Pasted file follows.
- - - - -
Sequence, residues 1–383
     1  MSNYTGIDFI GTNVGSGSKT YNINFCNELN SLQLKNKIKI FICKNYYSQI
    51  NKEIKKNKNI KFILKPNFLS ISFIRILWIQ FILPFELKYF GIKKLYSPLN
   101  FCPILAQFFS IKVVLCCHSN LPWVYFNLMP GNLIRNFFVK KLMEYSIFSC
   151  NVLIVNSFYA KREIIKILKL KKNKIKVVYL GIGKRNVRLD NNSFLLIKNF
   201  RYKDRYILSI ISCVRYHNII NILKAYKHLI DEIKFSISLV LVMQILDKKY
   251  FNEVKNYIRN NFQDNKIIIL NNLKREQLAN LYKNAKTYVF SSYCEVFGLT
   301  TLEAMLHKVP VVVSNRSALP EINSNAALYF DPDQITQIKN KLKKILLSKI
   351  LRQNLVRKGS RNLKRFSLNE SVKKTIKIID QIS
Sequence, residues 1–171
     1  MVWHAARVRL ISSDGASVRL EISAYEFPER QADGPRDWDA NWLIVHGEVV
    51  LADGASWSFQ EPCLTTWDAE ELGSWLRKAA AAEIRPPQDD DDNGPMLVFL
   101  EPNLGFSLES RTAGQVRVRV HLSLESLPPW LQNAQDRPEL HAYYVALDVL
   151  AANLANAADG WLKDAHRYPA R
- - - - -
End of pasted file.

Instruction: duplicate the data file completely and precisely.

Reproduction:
Sequence, residues 1–383
     1  MSNYTGIDFI GTNVGSGSKT YNINFCNELN SLQLKNKIKI FICKNYYSQI
    51  NKEIKKNKNI KFILKPNFLS ISFIRILWIQ FILPFELKYF GIKKLYSPLN
   101  FCPILAQFFS IKVVLCCHSN LPWVYFNLMP GNLIRNFFVK KLMEYSIFSC
   151  NVLIVNSFYA KREIIKILKL KKNKIKVVYL GIGKRNVRLD NNSFLLIKNF
   201  RYKDRYILSI ISCVRYHNII NILKAYKHLI DEIKFSISLV LVMQILDKKY
   251  FNEVKNYIRN NFQDNKIIIL NNLKREQLAN LYKNAKTYVF SSYCEVFGLT
   301  TLEAMLHKVP VVVSNRSALP EINSNAALYF DPDQITQIKN KLKKILLSKI
   351  LRQNLVRKGS RNLKRFSLNE SVKKTIKIID QIS
Sequence, residues 1–171
     1  MVWHAARVRL ISSDGASVRL EISAYEFPER QADGPRDWDA NWLIVHGEVV
    51  LADGASWSFQ EPCLTTWDAE ELGSWLRKAA AAEIRPPQDD DDNGPMLVFL
   101  EPNLGFSLES RTAGQVRVRV HLSLESLPPW LQNAQDRPEL HAYYVALDVL
   151  AANLANAADG WLKDAHRYPA R